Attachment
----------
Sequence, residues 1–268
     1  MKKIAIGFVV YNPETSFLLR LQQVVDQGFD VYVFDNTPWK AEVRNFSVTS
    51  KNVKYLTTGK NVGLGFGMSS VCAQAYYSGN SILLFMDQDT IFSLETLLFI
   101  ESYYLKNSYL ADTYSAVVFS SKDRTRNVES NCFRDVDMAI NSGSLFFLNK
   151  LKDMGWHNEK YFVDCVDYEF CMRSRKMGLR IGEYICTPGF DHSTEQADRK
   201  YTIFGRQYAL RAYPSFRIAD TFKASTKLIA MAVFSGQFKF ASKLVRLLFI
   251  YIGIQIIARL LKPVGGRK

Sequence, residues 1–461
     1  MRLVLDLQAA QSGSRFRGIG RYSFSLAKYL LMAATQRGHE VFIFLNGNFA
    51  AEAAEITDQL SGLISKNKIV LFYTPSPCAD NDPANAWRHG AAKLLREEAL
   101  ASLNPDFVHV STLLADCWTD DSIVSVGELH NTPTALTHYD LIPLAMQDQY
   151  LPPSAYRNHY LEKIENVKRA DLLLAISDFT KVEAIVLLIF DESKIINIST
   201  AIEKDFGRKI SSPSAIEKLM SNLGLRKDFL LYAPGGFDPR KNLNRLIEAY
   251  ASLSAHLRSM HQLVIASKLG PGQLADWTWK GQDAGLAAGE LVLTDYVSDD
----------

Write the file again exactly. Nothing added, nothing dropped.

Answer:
Sequence, residues 1–268
     1  MKKIAIGFVV YNPETSFLLR LQQVVDQGFD VYVFDNTPWK AEVRNFSVTS
    51  KNVKYLTTGK NVGLGFGMSS VCAQAYYSGN SILLFMDQDT IFSLETLLFI
   101  ESYYLKNSYL ADTYSAVVFS SKDRTRNVES NCFRDVDMAI NSGSLFFLNK
   151  LKDMGWHNEK YFVDCVDYEF CMRSRKMGLR IGEYICTPGF DHSTEQADRK
   201  YTIFGRQYAL RAYPSFRIAD TFKASTKLIA MAVFSGQFKF ASKLVRLLFI
   251  YIGIQIIARL LKPVGGRK

Sequence, residues 1–461
     1  MRLVLDLQAA QSGSRFRGIG RYSFSLAKYL LMAATQRGHE VFIFLNGNFA
    51  AEAAEITDQL SGLISKNKIV LFYTPSPCAD NDPANAWRHG AAKLLREEAL
   101  ASLNPDFVHV STLLADCWTD DSIVSVGELH NTPTALTHYD LIPLAMQDQY
   151  LPPSAYRNHY LEKIENVKRA DLLLAISDFT KVEAIVLLIF DESKIINIST
   201  AIEKDFGRKI SSPSAIEKLM SNLGLRKDFL LYAPGGFDPR KNLNRLIEAY
   251  ASLSAHLRSM HQLVIASKLG PGQLADWTWK GQDAGLAAGE LVLTDYVSDD